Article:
Zimbabwean cricket squad deserves an applause


Ross G. Cooper

So far, as of the 29th August 2022, the ODI 1-of-3 performance of the multi-cultural and multi-racial Zimbabwean cricket team on both Zimbabwean home ground and in Australia, has been commendable. They sport great bowlers, particularly fast spin deliverers and their batting is great. However, their fielding could be improved as some significant catches were fumbled and dropped. I’m sure that coach and former player of the year David Houghton will work with the players on improving their fielding skills. Indeed, had Zimbabwe not dropped three catches (one by the bowler and two by fielders) and Sikandar Raza’s delivery declared not out, they could have beaten Australia (200 vs. 201 runs) in their first innings. The replay clearly showed that Warner was indeed out after the ball glanced off his bat and was caught by the wicketkeeper. However, the Zimbabwean squad behaved very professionally, took the unfair decision on the chin and carried on. Batmen Innocent Kaia and Tony Munyonga were impressive performers blocking many of the skilfully bowled deliveries from the USA, Netherlands, Bangladesh, Australia and others. All the Zimbabwean batsmen played well. Whilst there were remarkable flying catches performed by the Australian fielding team, there were some attempts to do likewise by bowler Brad Evans when Smith and Warner were batting. The breakdown of skills of the current Zimbabwe squad featured in their latest match vs. Australia included:

Right-handed batsmen: 7

Left-handed batsmen: 3

Right-arm leg spin bowler: 1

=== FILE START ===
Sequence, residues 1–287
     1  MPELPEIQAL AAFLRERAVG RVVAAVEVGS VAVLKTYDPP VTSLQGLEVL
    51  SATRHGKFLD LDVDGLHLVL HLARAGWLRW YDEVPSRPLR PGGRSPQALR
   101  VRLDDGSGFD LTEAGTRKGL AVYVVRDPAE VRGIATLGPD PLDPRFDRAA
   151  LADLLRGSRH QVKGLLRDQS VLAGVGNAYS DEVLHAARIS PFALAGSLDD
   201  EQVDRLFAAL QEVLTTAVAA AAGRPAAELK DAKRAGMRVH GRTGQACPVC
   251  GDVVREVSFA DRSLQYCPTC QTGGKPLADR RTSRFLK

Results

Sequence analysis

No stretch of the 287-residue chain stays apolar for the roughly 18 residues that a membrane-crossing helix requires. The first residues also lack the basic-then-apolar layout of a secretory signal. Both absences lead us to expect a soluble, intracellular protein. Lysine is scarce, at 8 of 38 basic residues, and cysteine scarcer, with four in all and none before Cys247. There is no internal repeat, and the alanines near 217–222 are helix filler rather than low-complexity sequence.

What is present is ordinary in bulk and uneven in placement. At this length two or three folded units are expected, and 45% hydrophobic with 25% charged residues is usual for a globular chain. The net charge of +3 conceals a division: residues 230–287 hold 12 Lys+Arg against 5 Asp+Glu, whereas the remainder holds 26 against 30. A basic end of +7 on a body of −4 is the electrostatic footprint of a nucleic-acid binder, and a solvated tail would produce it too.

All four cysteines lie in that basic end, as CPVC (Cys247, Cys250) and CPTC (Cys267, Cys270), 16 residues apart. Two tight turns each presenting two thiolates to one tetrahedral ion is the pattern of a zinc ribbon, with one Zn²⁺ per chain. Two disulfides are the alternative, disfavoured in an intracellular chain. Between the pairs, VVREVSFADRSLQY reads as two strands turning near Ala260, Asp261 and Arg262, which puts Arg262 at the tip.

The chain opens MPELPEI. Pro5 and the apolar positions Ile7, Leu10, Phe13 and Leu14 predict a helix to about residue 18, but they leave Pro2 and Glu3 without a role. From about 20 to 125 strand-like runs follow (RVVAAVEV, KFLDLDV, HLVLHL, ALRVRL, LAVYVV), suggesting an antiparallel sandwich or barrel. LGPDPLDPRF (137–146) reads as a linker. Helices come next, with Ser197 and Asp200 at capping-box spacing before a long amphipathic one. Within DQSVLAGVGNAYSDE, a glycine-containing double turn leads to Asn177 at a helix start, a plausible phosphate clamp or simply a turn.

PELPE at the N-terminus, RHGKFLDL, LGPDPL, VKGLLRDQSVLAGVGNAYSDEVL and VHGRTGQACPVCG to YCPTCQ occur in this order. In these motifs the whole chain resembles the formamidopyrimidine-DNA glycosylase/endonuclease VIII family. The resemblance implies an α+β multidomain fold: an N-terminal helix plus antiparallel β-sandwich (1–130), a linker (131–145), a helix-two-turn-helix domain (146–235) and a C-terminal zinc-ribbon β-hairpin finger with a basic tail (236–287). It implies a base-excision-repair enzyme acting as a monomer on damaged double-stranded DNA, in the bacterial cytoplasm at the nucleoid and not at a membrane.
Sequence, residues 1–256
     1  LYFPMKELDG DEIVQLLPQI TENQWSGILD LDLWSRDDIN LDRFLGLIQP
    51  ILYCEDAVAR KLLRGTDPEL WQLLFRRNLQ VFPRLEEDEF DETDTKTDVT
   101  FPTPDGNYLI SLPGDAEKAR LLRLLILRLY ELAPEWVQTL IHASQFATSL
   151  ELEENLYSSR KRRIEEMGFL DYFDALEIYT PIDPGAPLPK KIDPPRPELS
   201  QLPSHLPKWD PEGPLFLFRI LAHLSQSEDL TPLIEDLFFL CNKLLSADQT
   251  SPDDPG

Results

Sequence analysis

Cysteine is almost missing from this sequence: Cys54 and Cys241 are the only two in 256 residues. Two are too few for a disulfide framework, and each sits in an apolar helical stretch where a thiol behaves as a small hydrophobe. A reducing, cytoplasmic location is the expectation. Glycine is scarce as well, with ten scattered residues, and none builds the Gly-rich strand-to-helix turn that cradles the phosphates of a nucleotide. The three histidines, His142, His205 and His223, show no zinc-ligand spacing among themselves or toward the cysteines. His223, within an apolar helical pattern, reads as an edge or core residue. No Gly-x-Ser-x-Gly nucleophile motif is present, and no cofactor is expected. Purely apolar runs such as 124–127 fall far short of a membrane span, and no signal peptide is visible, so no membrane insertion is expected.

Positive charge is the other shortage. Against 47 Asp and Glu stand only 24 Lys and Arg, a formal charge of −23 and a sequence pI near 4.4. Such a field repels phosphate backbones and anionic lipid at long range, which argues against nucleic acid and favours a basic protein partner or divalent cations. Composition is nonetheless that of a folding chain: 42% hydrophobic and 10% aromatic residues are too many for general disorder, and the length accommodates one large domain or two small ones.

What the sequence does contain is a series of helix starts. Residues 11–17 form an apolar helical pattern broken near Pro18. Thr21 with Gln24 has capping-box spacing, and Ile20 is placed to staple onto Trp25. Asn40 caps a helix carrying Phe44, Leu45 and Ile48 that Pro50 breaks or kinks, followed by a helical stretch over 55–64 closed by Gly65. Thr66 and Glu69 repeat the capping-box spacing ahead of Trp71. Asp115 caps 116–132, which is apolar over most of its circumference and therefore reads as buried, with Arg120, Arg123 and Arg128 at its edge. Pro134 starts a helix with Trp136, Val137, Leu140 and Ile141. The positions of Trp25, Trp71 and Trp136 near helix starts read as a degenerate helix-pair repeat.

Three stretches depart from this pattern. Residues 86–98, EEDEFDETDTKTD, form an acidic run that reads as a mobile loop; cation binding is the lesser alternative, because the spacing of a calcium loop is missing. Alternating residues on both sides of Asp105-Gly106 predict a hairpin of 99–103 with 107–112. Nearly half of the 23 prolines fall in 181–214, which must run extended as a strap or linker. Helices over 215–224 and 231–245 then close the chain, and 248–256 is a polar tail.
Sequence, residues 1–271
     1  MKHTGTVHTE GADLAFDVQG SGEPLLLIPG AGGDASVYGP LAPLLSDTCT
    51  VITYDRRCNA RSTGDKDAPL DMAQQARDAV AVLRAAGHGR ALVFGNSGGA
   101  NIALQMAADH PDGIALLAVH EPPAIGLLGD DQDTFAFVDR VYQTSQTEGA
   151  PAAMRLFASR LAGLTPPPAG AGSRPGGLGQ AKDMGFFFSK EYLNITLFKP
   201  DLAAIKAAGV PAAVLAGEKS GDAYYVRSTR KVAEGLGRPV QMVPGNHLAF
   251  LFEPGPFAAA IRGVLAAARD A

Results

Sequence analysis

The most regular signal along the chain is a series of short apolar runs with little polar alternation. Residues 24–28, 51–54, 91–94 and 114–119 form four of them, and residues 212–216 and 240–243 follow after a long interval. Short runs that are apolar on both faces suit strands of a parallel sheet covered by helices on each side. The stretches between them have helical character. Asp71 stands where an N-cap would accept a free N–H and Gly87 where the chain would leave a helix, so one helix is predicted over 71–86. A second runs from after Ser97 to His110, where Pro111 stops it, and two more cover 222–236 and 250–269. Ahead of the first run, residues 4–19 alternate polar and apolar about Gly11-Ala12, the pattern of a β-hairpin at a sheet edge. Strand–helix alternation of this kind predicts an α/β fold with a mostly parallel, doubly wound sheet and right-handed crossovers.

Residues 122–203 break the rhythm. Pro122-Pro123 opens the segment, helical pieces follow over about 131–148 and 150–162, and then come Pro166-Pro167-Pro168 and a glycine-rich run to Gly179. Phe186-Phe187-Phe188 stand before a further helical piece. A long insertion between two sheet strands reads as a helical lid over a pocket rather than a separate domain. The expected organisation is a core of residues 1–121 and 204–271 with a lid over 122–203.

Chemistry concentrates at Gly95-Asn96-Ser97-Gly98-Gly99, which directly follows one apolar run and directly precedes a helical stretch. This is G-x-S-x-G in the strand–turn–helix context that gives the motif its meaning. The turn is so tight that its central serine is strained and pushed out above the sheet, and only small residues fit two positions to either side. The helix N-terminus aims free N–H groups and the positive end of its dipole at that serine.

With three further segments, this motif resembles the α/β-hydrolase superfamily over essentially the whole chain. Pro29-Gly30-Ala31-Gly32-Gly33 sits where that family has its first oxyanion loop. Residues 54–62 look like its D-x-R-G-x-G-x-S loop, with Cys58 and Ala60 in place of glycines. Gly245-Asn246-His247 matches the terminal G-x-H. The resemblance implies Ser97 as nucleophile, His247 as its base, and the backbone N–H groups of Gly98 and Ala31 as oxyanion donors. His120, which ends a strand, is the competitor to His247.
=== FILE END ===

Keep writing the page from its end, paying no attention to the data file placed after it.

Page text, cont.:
Right-arm medium fast bowler: 1

Right-arm fast medium bowler: 3

Right-arm off spin bowler: 3

Left-arm fast medium bowler: 1

Left-arm leg spin bowler: 1

Wicketkeeper: 2

Captain: 1

As of the 29th August 2022, the commendable results of the Zimbabwean cricket team included:

Wins: 6 (Singapore, Jersey, USA, Papua New Guinea, Netherlands and Bangladesh)

Losses: 1 (India)


The Harare cricket ground could have been made neater and more advertisements displayed, including that of local specialities like Tanganda Tea®, given the international television coverage of the matches. This would have shown the global audience that Zimbabwe not only takes the sport seriously, but also has a lot to offer. The empty stands around the oval pitch, could have been filled with school children bused in from the city centre. The mono-syllabic commentary during the games, could have been improved by a discussion of the players and their strategies. Embroiled previously with corruption among key players and match fixing by a coach, the Zimbabwean cricket team has achieved significant achievements and remains a world competitor. Continuing to focus on the game and the development of its skilled players, in addition to improvement of marketing, will polish the sport’s achievement and progress on the international arena and ensconce it firmly within the ICC rankings. So, well done boys, fly the Zimbabwean flag high and keep it up!

The game of cricket was brought to the country by the British in 1890


The first cricket match held in the country occurred on 16th August 1890 near Fort Victoria (Masvingo). During the mid-1890’s the main matches were between Salisbury (Harare) and Bulawayo. In 1898-99, the English Lord Hawke’s team travelled to Rhodesia. In 1900-2 J.D. Logan presented a cup for cricket competitions among the towns in Rhodesia. Rhodesia competed against Transvaal in South Africa’s Currie Cup championship from 1904-5, but lost by an innings and 170 runs. Following a sporadic reprieve, it was only from 1946 onwards that Southern Rhodesia played the game regularly, and the team has never looked back since.


Author of: Cooper, R.G. (2021) Zimbabwean Cricket. 29th September, Bambazonke, Zimbabwe. The author has published numerous books in Lulu Press and PneumaSprings Press. Furthermore, the author is also a qualified Grade D and C Zimbabwean Cricket Umpire and holds a Stage 1 English Cricket Board and Association of Cricket Officials certification.


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